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Ginnie Mae, the Government National Mortgage Association (GNMA) is a government-owned corporation that operates in the Department of Housing and Urban Development (HUD). Ginnie Mae guarantees timely payment of mortgage bonds that include federally insured or guaranteed loans and is backed by the full faith and credit of the U.S. government. Things to know about Ginnie Mae:

  • It aims to increase the availability of funds for government mortgage loans and increase access to credit for first-time homeowners and low- and moderate-income borrowers
  • Ginnie Mae approves private lenders to originate eligible loans, pool them into securities, and issue the Ginnie Mae mortgage-backed securities instruments
  • It insures liquidity for US government-insured mortgages, including those insured by the Federal Housing Administration (FHA), Veterans Administration (VA), Rural Housing Service (RHS), and Public and Indian Housing (PIH)
  • It guarantees the timely payment of principal and interest from approved issuers (such as mortgage bankers, savings and loans, and commercial banks) of qualifying loans, such as those issued by the FHA and RHA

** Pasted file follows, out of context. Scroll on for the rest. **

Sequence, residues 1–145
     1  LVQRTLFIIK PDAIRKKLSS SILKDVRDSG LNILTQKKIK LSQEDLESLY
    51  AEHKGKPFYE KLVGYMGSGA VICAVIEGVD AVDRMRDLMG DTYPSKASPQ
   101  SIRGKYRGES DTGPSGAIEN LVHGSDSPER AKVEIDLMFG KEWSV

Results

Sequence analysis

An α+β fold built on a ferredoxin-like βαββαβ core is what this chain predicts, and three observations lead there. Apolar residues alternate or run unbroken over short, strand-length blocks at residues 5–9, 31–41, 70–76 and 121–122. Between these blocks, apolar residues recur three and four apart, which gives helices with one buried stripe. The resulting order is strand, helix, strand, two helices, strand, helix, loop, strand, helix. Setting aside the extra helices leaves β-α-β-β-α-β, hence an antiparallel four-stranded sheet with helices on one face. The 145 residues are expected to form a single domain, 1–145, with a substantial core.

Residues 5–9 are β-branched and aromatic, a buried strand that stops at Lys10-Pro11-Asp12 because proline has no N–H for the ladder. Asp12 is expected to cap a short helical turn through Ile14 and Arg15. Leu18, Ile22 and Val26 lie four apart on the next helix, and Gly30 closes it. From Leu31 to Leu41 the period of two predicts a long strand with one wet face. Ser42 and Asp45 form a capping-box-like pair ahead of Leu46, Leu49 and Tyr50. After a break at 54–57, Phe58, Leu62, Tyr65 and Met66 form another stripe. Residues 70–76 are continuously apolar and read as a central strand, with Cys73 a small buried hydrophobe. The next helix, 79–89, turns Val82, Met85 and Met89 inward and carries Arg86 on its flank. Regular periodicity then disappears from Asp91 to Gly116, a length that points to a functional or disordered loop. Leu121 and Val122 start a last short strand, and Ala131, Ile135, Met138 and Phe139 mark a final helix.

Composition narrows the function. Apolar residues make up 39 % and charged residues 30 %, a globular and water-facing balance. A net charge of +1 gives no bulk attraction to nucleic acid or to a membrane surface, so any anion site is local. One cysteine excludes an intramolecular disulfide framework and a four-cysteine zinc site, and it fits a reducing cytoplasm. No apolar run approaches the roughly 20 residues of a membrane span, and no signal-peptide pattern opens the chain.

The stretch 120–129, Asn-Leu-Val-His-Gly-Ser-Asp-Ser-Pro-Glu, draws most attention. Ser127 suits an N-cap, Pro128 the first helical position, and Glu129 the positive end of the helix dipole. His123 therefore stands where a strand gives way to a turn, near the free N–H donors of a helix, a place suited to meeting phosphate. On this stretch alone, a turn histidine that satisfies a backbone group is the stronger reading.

• Loan amount no greater than $453,100
  • Each mortgage must be insured or guaranteed under one of the following:
    • the National Housing Act
    • Title V of the Housing Act of 1949
    • Servicemen’s Readjustment Act of 1944
    • Chapter 37 of Title 38
    • United States Code
    • Section 184 of the Housing and Community Development Act of 1992
  • 70.7 percent of Ginnie Mae services are to be first-time homebuyers


  • No minimum credit requirement, but purchase borrowers have an average 690 credit score
  • Individual lenders decide to whom to sell the security and then submit the documents to Ginnie Mae’s pool processing agent
  • The lender is responsible for selling the securities and servicing the underlying mortgages. Issuers of Ginnie Mae securities are responsible for paying security holders monthly
  • If the issuer is a Fannie Mae- or Freddie Mac-approved mortgage servicer, termination of its approved status by either agency shall be grounds for termination by Ginnie Mae

Benefits of Ginnie Mae

  • Securities are guaranteed by the U.S. government with no default risk
  • Ginnie Mae does not set credit or underwriting standards
  • If a homeowner defaults on a loan underlying a Ginnie Mae security, Ginnie Mae makes the payments on the mortgage-backed securities until the underlying property is foreclosed
  • Low-risk levels of Ginnie Mae financing mean low returns and that people investing in the funds have to contend with inflation risk

Drawbacks of Ginnie Mae

  • Securities are subject to interest-rate and prepayment risk